Looking forward to finally leave the desert heat in the Netherlands, I am excited to join the IMISCOE conference this year.
As it is the first international conference of my research career, I think this experience is going to stick with me for a while. We arrived a day early to explore the city (as the city of Malmö happens to also be part of our research project) and already bumped into some familiar faces, catching up until somewhat late in the evening. Waking up early in the morning didn’t sound like the most desirable idea – but after a few cups of coffee all tiredness was forgotten and we kicked off the day at the PhD Assembly.
Together with the welcoming breakfast, the PhD Representative of the IMISCOE PhD Network, Giulia Mezzetti, started off the PhD Assembly with a presentation on the PhD network. She informed us about the history of the network, and the working groups within it: apart from the blog group, there is also a teaching group, a network group, and a workshop group.
Afterwards the first two workshops started. One of them was the “preparing an effective abstract for a conference” with Inka Stock (Universität Bielefeld) and Lorenzo Piccoli (University of Neuchatel) where PhDs were asked to bring abstracts they had previously prepared for conferences in order to have a look at them together with more senior researchers and see if there is room for improvement.
The other workshop was the “intergenerational feedback session”. In this session PhDs have the opportunity to receive personalized feedback on their research and their possible career path from senior researchers in small group discussions. Before the individual sessions started, Sayaka Osanami-Törngren, from Malmö university shared her personal experiences on doing a PhD and PhD-after life. She had three take-home messages on networking for us:
– Network up: Do not only get involved with other PhDs but also network with professors
– Network female: Make sure you also have a female network surrounding you
– Network outside: Even if you love your own sub-field, you never know what’s waiting for you in other research areas
And lastly the main advice she passed on is one that she got from her supervisor during her first PhD feedback session: “Don’t worry about a thing!”
After a short coffee break, the second round of sessions started. I went to the workshop concerned with “teaching controversial migration and integration issues”. During the workshop Johanna Neuhauser from the Institute for Migration Research and Intercultural Studies (IMIS, Osnabrück University) discussed challenges involved in teaching migration and integration-related issues in increasingly diverse classes. She shared her own experience and despite focussing on pedagogical practice, also scholars who were not teaching at that moment could have learnt from Johanna’s presentation.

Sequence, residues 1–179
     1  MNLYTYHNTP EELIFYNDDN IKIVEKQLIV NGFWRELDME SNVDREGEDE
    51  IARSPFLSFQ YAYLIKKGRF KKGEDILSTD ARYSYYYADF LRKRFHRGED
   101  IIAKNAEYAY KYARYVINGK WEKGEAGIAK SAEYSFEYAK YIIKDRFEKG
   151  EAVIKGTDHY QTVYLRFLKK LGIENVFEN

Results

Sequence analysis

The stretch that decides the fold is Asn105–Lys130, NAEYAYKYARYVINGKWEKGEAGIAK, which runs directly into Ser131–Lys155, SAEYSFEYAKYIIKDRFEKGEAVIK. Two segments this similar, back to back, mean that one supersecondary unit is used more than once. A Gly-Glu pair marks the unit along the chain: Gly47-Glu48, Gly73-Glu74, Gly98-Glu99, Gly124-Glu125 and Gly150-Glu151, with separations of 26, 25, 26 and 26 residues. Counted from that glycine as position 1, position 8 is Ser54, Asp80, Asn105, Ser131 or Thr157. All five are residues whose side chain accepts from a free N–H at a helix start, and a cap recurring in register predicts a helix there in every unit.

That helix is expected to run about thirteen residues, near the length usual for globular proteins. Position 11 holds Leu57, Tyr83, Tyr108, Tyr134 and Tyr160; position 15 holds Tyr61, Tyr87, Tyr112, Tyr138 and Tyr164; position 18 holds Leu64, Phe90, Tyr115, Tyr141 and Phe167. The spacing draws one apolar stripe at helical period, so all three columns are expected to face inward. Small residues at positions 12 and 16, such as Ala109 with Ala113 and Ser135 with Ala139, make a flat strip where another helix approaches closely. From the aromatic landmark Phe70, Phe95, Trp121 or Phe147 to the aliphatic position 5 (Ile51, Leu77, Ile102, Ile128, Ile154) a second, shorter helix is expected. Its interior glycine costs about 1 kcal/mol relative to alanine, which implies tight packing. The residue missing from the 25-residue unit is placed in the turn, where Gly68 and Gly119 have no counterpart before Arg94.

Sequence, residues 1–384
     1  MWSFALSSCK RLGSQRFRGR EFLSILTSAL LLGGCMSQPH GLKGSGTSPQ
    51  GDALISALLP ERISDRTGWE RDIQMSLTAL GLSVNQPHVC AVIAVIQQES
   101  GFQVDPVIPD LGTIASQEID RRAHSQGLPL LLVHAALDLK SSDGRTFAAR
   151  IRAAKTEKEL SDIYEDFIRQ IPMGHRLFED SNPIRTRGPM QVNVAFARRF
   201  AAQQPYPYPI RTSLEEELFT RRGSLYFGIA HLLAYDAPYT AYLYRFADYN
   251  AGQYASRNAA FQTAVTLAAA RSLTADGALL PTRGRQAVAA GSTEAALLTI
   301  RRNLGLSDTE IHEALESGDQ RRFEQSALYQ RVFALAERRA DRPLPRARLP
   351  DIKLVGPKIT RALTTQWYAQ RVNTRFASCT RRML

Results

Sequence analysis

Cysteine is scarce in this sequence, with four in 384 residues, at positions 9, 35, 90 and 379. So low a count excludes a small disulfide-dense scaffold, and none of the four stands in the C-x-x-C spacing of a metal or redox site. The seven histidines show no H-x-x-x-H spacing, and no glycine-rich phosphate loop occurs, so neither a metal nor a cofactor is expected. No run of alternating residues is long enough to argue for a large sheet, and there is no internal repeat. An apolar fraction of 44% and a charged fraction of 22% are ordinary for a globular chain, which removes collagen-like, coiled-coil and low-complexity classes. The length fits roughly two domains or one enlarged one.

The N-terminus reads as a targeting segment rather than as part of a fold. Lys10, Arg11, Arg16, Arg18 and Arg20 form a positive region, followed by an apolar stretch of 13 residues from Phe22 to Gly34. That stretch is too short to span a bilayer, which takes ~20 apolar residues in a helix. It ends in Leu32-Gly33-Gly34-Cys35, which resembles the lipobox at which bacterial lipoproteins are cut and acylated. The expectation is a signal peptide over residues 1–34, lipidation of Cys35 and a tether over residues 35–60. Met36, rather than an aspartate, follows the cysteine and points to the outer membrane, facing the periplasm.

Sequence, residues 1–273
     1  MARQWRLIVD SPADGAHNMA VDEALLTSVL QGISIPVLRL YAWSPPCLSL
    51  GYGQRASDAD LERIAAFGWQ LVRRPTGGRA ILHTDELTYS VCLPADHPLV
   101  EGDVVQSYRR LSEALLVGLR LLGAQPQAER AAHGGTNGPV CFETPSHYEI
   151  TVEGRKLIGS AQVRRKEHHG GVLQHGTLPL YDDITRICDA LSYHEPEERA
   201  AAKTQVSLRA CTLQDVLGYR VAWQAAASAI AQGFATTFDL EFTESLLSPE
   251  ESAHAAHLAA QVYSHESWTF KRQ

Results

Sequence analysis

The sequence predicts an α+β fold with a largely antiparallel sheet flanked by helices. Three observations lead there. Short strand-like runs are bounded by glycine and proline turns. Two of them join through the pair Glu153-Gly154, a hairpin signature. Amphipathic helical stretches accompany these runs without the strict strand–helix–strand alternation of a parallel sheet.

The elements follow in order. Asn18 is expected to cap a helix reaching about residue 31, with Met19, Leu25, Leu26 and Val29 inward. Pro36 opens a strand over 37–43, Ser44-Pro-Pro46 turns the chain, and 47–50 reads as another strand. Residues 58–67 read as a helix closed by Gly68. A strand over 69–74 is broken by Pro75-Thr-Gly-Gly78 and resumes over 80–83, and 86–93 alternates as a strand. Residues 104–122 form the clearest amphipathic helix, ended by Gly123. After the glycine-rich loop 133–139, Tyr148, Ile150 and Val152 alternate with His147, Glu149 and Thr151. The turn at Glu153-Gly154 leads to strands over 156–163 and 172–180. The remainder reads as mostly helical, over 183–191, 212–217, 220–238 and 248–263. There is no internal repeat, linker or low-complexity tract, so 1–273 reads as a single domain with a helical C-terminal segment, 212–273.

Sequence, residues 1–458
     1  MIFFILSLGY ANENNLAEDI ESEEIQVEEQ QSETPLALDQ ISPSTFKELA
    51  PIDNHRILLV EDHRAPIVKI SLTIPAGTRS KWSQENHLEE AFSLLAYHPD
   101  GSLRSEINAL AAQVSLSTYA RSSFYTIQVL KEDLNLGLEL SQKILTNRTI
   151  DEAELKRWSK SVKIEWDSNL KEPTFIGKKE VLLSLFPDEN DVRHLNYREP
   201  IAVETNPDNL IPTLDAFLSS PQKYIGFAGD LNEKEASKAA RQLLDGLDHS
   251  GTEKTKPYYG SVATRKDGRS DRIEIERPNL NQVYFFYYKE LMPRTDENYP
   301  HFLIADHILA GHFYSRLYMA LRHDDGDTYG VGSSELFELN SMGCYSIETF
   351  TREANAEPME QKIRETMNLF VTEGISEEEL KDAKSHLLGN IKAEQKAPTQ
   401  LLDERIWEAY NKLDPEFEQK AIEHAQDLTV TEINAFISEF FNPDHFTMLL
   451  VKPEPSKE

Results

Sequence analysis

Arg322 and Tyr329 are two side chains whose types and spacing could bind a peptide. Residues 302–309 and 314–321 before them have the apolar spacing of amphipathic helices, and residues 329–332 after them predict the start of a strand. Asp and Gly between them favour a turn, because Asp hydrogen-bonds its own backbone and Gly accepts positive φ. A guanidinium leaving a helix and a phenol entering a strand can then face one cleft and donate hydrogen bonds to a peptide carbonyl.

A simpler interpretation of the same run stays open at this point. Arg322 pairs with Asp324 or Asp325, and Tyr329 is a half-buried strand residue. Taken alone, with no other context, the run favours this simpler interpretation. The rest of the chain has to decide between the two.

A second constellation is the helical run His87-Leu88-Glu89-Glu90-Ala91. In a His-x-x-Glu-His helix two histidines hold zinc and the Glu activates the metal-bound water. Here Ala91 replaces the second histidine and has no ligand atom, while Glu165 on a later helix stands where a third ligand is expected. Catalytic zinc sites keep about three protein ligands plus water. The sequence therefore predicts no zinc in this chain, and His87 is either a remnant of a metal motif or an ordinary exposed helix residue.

We discussed topics such as creating an open and safe space in the classroom and had a look at the checklist for gender & diversity-conscious teaching by Melanie Ebenfeld (for the German speakers amongst us, you can have a look: Checkliste zur gender-und diverseitaetssbewussten Didaktik). After all it would have been great if there was more time to discuss the raised topics more in depth. By the time everyone opened up and felt comfortable to talk about sensitive topics and share personal experience, the workshop unfortunately had to be wrapped up and concluded.
The day finished with a more informal get-together at the Scottish Pub Drumbar. After running into the same faces again and again during the day, we finally got the chance to connect in a more casual setting. We chatted away about research interests and experiences together with some cold beverages which were highly needed in the unusual temperatures in Malmo (so much for escaping the heat in the Netherlands…).
Overall, I really enjoyed my time at IMISCOE. I met a bunch of great people with interesting research topics and I am looking forward to next year already.
Lisa-Marie Kraus is a PhD candidate in Sociology at the Vrije Universiteit Amsterdam. Her research focuses on how (socially mobile) natives react to and make sense of becoming another ethnic minority in European cities.